Play to speak ‘Motherhood Out Loud'
STOCKBRIDGE -- A mother with a daughter adopted from China, a wakeful newborn, a son on the autism spectrum, a son serving in Afghanistan ... mothers take the stage tonight.
Susan Rose was producing on Broadway, after her daughter, Samantha, was born, when she conceived the idea of a play about motherhood -- mothers talking about being mothers, from giving birth to growing old.
She thought of it as a universal theme never really explored, she said: "I thought, ‘God, this is so obvious -- how come no one's ever done this before?'"
With co-producer Joan Stein, Rose commissioned more than 60 writers of many backgrounds and ages to write about motherhood. The stories, chiefly monologues, move across time, from newborns to kids going off to college. They are all autobiographical except for one, Rose said: playwright David Cale's scene, a middle-aged man coming home to parent his elderly mother.
On Friday, March 28, and Saturday, March 29, Tony-nominated actress Jayne Atkinson, who performed last summer with Berkshire Theater Group, will direct "Motherhood Out Loud," starring Jane Kaczmarek and Atkinson's husband, Michel Gill, with a cast of local actors, nearly all of them mothers.
The performances, rounding off the Berkshire Festival of Women Writers, will benefit the festival and WAM Theatre's initiatives to help women and girls.
Rose is glad to see the show come to the Berkshires now. Stein was managing director of the Berkshire Theatre Festival in the 1980s, and she passed away two years ago, at 59. She would be proud to have the show come to the Unicorn stage, Rose said.
Atkinson admired the play's "scope of mothering."
It reaches out warmly to include a son mothering his mother and a girl with two fathers.
"We choose our families," she said. "A family can look any way. A family is where there's love, comfort, care, boundaries, safety, people who will steward you and help you to be who you are."
The play moves in a flow of monologues and conversations, between laughing and crying.
"It's comedic, as birth tends to be when you look back on it -- not when you're in it," said Tyler Malik, who gives the final monologue. "That's what I love about the whole piece. The comedy and joy and sadness. The sadness of losing them as children, the joy of having them."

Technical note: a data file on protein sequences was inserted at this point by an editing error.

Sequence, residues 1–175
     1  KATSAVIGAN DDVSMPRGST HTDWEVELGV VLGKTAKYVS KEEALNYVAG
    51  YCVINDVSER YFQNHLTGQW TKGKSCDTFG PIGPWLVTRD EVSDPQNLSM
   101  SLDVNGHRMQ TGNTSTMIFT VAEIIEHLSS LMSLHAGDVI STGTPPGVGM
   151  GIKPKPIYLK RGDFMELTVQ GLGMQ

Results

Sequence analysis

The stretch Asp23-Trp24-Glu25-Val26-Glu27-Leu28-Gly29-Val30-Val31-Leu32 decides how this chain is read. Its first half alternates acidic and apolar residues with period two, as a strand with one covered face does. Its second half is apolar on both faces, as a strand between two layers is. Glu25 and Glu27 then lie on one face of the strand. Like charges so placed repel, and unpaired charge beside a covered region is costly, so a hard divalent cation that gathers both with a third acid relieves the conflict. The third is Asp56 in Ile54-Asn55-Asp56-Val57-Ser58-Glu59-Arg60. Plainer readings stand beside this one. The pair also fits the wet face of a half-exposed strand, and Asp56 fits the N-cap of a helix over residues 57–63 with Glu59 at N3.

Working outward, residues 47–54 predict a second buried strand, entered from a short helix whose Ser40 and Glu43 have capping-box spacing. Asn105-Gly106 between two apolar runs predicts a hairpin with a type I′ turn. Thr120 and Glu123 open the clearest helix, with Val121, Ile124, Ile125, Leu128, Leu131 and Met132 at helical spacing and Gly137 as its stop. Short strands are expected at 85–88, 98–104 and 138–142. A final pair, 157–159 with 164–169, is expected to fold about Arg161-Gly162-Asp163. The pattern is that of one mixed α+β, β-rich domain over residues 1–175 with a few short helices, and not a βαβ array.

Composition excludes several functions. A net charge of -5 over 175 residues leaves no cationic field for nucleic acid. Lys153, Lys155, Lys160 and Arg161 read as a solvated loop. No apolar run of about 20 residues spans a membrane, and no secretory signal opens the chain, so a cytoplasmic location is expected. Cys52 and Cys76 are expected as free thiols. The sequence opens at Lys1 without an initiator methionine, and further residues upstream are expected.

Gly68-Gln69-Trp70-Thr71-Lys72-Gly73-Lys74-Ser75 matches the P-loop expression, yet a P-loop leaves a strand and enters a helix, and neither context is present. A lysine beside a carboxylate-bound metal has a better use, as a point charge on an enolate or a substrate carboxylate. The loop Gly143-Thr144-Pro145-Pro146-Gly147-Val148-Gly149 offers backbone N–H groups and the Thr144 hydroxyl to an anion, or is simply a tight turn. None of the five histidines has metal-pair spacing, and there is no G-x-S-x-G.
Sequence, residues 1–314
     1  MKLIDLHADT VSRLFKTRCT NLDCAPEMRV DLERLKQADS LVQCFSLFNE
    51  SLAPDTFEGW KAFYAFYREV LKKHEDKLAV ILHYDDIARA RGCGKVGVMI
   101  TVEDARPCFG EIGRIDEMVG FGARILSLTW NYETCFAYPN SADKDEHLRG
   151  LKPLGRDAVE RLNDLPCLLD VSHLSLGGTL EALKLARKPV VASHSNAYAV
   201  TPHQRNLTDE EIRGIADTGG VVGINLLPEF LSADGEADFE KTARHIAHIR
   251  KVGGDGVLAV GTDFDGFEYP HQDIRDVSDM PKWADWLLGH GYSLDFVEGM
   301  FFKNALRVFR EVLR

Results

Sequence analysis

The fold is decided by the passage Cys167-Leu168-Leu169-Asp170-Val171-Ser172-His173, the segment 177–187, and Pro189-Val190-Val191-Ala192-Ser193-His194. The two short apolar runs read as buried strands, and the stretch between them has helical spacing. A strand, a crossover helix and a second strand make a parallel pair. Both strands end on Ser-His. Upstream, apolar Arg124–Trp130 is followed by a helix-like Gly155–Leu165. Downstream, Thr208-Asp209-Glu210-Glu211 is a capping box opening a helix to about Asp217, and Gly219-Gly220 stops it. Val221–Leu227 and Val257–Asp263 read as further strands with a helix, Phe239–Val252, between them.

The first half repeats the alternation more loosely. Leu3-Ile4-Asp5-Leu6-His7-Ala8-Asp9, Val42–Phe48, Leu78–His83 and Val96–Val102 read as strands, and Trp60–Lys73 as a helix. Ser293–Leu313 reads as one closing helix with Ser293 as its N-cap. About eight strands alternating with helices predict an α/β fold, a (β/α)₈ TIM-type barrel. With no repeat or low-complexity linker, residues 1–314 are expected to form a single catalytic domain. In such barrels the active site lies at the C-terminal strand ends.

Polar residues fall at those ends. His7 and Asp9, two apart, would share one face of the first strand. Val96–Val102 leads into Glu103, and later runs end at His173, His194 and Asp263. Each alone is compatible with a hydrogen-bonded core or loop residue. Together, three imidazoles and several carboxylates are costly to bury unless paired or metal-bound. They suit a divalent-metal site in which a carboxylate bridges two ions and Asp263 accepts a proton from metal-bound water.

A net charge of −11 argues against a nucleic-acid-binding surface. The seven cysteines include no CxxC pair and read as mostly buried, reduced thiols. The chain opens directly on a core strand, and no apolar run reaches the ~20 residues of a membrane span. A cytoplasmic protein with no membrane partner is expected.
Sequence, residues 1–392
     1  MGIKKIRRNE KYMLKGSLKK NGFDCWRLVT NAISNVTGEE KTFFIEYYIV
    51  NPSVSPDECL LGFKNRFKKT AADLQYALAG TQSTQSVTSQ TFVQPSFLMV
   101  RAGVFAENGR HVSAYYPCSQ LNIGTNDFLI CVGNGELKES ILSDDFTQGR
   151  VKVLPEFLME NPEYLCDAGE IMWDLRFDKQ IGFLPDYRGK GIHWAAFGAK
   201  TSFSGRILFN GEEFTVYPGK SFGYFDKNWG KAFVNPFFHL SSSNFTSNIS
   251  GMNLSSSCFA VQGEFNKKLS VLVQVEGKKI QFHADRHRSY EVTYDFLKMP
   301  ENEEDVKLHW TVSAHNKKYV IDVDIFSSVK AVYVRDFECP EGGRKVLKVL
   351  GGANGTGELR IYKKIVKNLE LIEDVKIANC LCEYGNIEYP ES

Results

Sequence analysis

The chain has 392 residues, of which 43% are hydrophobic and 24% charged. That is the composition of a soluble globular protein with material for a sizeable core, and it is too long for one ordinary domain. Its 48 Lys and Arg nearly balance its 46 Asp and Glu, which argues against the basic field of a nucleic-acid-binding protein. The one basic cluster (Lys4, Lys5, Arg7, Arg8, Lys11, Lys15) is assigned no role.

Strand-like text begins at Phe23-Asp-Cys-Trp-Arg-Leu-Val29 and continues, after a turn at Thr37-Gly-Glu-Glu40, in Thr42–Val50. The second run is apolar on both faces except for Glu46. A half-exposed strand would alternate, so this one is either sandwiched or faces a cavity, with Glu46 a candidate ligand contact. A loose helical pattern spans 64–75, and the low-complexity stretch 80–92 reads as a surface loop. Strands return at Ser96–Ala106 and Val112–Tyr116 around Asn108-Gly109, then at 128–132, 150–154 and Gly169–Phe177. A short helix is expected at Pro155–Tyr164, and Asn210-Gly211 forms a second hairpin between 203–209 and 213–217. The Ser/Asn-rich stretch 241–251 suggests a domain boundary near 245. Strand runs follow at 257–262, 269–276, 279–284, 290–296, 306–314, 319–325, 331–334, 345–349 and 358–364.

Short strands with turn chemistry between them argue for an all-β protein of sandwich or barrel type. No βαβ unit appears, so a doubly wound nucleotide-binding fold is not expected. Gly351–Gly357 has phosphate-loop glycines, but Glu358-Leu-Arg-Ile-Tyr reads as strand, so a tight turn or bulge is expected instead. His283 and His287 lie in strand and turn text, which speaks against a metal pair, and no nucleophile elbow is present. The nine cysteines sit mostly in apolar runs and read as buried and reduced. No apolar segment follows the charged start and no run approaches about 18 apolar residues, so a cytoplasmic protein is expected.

As these parents speak, listeners can feel the intensity of the bond between them and their children, the need to protect them, to be honest with them, fear for their safety.
"From the minute your child is born," Atkinson said, you face the question "when do you hold them close and when do you let them go? When do you stand by them and when do you let them make their own way?"
Rose found a fear of judgement surfacing in many stories: "'I'm not good enough. I don't fit in. What's wrong. ... As a mom you have a strong feeling of being judged," she said. "What will people think of me if I think this is OK?
"It's difficult. When you become a mother, it's all new territory for everyone. You follow your heart and raise [your children] as you think they should be raised -- without outside influences -- with strong convictions."
"Parenthood's not for sissies," Atkinson said.
"And if you are one, it'll turn you into something else quickly," Gill said.
"Early on, when Jeremy was a kid and Jayne was in a show, I was trying to be both parents," he said, "and I realized I couldn't."
He had to learn to be a father.
"There's no model for this," he said. "It's an open slate. Jeremy can help. Jayne helps. We figure this out. I'm not using [the model of the father] I had."
And parenting is something no one can teach, Rose said. She did not know how to change a diaper before she had a daughter. She used to lie awake with the baby monitor, listening and waiting for a sound.
Atkinson remembered the absorbtion and exhaustion of looking after a young baby.
"There isn't a monologue when a woman is in PJs and has been in them all day because she can't get her hair brushed and her clothing changed," she said.
If not that one, with Rose's blessing, Atkinson has added a new monologue to each performance. Four local women have each written their own monologues, from a road trip with an adolescent daughter to the loss of a mother.
"Motherhood Out Loud" has played across the country. At the end of each show, Rose said, people want to stay and talk, to share experiences and stories.
She once met a woman in the bathroom, in tears, who said she had to call own mother -- and that she had decided not to have children, and she was questioning her choice.
Like the writers, audiences, men and women and teenagers, have felt the play close to them.
"Everyone has a mother," Rose and Gill agreed.
And Atkinson wants mothers' voices to sound out loudly now.
In the wake of Sandy Hook and the cynicism her son showed that anything would change, she said, having the words of mothers and children is necessary.
"How far have we come," she said, "that we don't care that children are killing themselves, living in halfway houses and being shot by other children? The people who remind us of the children are the moms." If you go ...
What: 'Motherhood Out Loud'
When: 7 p.m. Friday, March 28, and 2 and 7 p.m. Saturday, March 29
Where: Unicorn Theater, 6 East St., Stockbridge
Admission: $35 for Friday performance and matinee,
$50 for Saturday evening gala benefit performance, reception
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